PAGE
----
Heart Of Darkness: Contrast Of Darkness And Light

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  In Heart of Darkness, a novel written by Joseph Conrad, the characters are forced into a web of darkness and evil as they enter the Congo. However, the Congo itself is not the true evil, but the darkness instead lies within the hearts of mankind. Conrad uses this theme of light and darkness to contrast the civilized European world with the uncivilized African world in Heart of Darkness.

In Heart of Darkness, Conrad uses light and dark to symbolize good and evil. ‘It is whiteness that is truly sinister and evil, for it symbolizes the immoral scramble for loot by the unscrupulous and unfeeling Belgian traders in ivory and human flesh; the whiteness of ivory is also contrasted with the blackness of the natives whose lives must be destroyed for its sake’ (Gillon 25). In other words, there is a perversion of light and dark and what they represent. The characteristic of ivory is its colour of white, but rather thaen being associated with purity and all that it is good, it represents greed and the demise of the characters due to the trade in ivory. This is perhaps epitomized with the black slave boy who has white pears placed around his neck. As well as the obvious difference between the white and black, we can perhaps see how the boy is trapped beneath and within white greed.

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Marlow’s use of a modern city is the first example of what he considers civilized and more importantly, uncivilized. Marlow begins by speaking of the occupants of the boat. He explains that the owner of the boat is an accountant and a lawyer. This gives the idea of what might be considered civilized. He talks about the lights that are reflected in the water. This also creates the idea that he considers himself and the passengers of the boat to be civilized. The fact that these lights, which represent good, emanate from a great civilization. However, he ponders the thought that ‘this also has been one of the dark places of the earth'(Conrad 29). By this he explains he means that the Romans, who were considered to be civilized, once came to conquer the wild, untamed British Isles nineteen hundred years ago. These contrasts work within the reality of what is considered civilized and uncivilized. The light representing civilization or the civilized side of the world and the dark representing the uncivilized side of the world. Throughout the book, there are several references to these two contrasts, black and white have the unusual connotations of evil and good.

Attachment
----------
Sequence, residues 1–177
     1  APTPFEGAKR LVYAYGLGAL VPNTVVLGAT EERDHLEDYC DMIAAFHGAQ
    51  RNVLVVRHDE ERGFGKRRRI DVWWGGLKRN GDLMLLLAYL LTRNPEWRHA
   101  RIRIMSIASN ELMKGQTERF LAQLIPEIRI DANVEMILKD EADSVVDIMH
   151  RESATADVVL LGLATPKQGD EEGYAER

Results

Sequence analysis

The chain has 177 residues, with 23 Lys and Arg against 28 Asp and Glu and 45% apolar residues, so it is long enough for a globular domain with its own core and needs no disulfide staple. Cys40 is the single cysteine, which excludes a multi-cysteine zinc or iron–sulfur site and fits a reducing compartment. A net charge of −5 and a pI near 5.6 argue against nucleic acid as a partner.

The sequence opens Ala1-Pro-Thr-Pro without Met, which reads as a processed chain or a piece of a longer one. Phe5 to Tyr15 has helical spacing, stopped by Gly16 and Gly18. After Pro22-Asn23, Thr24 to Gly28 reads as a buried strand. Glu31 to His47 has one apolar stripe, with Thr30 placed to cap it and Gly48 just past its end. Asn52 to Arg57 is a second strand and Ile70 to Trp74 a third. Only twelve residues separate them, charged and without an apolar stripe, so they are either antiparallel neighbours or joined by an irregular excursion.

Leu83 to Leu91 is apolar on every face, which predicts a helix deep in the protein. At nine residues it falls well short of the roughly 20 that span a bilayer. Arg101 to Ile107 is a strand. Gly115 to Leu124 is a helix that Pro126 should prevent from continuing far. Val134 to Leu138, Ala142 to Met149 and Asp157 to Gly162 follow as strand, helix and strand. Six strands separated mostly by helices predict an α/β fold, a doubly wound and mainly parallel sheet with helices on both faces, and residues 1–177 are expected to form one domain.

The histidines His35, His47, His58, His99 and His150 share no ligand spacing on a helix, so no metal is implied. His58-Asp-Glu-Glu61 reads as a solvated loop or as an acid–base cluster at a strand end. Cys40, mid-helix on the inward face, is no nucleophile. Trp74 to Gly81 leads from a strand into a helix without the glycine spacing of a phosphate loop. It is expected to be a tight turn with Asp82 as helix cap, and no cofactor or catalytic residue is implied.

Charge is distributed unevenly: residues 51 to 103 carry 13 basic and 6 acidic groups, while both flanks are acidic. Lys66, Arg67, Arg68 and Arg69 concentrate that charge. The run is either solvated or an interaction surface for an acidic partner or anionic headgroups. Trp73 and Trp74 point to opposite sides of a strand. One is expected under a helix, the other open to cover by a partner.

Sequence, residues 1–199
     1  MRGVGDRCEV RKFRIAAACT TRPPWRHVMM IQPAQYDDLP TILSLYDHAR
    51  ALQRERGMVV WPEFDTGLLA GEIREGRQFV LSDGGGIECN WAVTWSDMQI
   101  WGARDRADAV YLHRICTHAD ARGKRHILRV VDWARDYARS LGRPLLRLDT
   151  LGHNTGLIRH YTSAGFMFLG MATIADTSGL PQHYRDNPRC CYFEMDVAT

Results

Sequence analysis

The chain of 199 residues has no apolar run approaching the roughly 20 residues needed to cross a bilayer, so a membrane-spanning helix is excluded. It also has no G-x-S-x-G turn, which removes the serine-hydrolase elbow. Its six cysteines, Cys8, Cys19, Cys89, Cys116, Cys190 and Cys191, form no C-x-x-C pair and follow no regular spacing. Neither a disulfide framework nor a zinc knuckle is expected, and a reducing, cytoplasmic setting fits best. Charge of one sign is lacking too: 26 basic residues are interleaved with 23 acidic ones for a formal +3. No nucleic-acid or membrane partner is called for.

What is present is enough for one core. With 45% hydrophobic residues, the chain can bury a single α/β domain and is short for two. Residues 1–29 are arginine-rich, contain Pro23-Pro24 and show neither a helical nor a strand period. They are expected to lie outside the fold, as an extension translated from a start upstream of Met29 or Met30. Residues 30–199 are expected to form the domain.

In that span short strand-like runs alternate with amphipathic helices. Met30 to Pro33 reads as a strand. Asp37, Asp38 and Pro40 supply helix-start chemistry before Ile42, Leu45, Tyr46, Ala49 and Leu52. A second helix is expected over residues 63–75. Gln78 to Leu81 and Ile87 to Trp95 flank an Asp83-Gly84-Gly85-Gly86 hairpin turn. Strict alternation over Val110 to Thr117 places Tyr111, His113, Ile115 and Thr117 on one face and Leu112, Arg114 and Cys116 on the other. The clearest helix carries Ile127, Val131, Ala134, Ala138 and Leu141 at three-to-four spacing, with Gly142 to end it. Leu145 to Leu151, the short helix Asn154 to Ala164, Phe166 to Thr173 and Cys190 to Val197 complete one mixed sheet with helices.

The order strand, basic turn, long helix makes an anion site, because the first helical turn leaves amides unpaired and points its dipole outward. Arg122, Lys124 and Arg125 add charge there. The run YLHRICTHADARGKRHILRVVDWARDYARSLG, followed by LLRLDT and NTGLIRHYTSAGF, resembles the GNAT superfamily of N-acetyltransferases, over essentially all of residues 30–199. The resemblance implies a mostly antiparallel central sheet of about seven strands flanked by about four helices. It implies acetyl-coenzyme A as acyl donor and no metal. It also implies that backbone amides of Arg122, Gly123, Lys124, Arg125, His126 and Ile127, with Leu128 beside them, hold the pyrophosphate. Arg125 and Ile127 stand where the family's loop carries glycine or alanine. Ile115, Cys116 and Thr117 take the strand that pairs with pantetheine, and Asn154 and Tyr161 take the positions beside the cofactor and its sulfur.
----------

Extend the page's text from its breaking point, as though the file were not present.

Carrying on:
Throughout the remainder of the story there are many more examples of how the blacks, the uncivilized savages contrast with the whites, the civilized Europeans. Many of them become evident in the struggle Marlow faces in trying to reach Kurtz. Marlow speaks of the ‘wild yelling, hand clapping, feet stomping, bodies swaying, eyes rolling, and beating drums’ in his voyage to reach Kurtz. He also discusses a conversation he overhears while on the deck of his boat ‘one evening.’ The two men he overhears talk about the dark images of death, he says the native had a ‘short flipper’ arm that ‘took in the forest, the creek, the mud, and the river-seemed to beckon with a dishonoring flourish before the sunlit face of the land,’ he goes on to say that it ‘lurked with death and hidden evil, to the profound darkness of the heart.’ This statement reinforces the idea of dark being uncivilized, yet at the same time, the darkness associated with the natives is challenged as not being evil, the appearance of evil is in opposition to the actual evil (in the white colonialists). Marlow overhears how the savages harbor these great misfortunes to the white men. This passage also reflects the idea of a civilized and uncivilized people. The heart of darkness is referring to the natives and their home, the Congo.

In Heart of Darkness, there is a real contrast between what is light and what is dark. These contrasts work within a reality of civilized and uncivilized. Clearly, the title Heart of Darkness is a direct reference to the contrast of darkness and light in the characters of Kurtz and Marlow, the overall mood of the story, and the various settings throughout.     


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